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13 Sep 2019 Regarding Senior Tax Counsel’s Report ‘Legal professional privilege – a sword or just a shield?’

Editor’s note: Bob Deutsch’s article on tax havens can be found in TaxVine 34 (6 September 2019).

MEMBER 234 writes: 

Hi, 

An interesting read, but I'm not a fan of the decision. 

At no time did Glencore bring the documents into the public domain. 

It seems absurd that the criminal theft of protected information followed by public disclosure would result in the waiver of LPP. 

Think about that for a second. For any activist group, if they can gain access to the LPP data, they can destroy LPP just by publishing it. 

It COULD simply have been the case that the Paradise Papers are publicly available for all including the ATO to see and read but NOT to rely upon legally.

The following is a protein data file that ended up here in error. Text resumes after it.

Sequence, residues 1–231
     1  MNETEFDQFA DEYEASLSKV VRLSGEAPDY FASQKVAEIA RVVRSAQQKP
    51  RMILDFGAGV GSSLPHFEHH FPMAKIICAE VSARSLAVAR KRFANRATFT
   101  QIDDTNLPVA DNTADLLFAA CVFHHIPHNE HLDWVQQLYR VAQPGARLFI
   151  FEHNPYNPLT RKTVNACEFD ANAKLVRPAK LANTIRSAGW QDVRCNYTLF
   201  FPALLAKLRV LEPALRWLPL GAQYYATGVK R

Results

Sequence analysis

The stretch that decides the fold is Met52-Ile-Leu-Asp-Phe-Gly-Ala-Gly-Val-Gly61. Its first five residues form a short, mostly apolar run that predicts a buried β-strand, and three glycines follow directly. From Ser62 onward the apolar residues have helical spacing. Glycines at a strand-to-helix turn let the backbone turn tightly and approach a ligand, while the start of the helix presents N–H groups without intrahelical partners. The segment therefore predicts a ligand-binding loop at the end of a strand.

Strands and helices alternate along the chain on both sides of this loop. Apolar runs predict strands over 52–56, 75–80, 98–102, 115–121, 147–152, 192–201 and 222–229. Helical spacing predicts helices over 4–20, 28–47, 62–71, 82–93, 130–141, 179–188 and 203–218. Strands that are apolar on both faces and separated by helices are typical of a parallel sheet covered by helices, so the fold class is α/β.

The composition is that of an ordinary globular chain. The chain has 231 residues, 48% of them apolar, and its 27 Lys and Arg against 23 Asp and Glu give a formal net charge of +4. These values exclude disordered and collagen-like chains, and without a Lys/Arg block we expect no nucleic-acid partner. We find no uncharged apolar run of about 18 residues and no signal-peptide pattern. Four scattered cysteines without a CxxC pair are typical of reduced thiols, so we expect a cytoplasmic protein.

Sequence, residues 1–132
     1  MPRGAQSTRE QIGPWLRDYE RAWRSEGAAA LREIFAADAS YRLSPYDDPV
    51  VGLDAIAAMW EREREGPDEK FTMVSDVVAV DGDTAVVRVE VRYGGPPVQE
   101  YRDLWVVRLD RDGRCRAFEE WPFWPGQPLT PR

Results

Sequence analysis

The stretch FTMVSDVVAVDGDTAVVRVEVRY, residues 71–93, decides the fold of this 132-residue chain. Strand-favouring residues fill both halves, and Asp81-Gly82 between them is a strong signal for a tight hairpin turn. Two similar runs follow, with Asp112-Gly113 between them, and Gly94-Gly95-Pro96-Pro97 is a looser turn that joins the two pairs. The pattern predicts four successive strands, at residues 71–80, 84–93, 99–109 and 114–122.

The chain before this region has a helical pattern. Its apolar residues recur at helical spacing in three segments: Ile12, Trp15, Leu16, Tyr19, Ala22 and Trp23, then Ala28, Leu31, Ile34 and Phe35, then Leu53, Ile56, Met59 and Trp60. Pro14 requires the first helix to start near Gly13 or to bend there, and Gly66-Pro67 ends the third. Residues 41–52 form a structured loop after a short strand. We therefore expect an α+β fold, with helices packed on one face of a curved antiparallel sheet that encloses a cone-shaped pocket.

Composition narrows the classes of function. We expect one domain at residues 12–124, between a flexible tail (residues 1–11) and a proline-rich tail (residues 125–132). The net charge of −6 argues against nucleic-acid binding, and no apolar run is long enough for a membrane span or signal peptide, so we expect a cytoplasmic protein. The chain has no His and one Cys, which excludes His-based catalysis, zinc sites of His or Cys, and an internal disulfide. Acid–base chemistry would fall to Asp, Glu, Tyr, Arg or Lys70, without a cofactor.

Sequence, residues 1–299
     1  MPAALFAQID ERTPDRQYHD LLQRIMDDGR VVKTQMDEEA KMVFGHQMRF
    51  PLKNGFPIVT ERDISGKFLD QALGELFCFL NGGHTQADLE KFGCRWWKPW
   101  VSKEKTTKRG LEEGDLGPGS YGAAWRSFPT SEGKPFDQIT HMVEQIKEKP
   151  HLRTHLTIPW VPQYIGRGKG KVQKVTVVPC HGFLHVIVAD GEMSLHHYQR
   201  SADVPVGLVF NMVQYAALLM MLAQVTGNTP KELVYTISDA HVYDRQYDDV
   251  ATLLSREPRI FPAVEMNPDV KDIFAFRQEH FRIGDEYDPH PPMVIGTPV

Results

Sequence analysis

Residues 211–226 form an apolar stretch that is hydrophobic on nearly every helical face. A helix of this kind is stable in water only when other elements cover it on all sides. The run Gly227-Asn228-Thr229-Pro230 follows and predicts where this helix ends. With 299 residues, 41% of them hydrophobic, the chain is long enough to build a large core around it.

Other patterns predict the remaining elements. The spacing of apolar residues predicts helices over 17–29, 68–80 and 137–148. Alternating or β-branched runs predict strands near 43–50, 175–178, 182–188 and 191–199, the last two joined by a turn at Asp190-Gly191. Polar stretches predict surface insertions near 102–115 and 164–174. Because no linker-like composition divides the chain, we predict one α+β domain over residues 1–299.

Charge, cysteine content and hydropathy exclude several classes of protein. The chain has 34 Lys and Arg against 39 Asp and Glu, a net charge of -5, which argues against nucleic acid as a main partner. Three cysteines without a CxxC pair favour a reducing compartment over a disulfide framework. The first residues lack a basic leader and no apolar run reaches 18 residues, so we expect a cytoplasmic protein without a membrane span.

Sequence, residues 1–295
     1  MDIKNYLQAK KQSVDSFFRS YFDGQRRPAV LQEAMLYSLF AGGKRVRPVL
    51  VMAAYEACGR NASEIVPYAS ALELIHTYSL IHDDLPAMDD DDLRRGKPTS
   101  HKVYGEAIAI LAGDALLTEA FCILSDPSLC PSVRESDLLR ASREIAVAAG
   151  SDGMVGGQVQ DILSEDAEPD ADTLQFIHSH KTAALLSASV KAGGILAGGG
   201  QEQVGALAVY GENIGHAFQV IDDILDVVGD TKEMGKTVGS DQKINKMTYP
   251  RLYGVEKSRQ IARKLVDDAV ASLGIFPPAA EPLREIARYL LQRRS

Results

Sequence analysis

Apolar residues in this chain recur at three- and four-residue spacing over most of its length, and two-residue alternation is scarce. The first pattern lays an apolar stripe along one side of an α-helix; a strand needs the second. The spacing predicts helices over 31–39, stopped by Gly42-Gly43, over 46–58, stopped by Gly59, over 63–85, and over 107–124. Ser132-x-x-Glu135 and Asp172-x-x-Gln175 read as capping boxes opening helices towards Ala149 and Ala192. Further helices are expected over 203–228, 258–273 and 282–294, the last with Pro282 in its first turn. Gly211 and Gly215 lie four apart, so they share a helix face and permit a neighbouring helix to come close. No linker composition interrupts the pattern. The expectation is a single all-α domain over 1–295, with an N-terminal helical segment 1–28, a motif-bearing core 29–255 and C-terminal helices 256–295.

MEMBER 235 writes: 

LPP should not be found to be in cahoots with tax evaders. 

MEMBER 236 writes: 

My response to Member 232 in last week’s TaxVine

Once upon a time England tried to tax the United States. How did that work out for them? 

Now the United States does its own thing when it comes to international tax law. 

They take millions out of the economies of every country in the world (including Australia) to comply with their own FATCA law and claim that CRS isn’t good enough, but then they refuse to reciprocate the reporting. 

Information goes in, but nothing comes out. 

And the United States still taxes based on citizenship instead of residency so every American living and working here in Australia is responsible for lodging a minimum of three items to the US every year! And there are very few qualified American preparers in Australia, so those preparation fees are also leaving the Australian economy.

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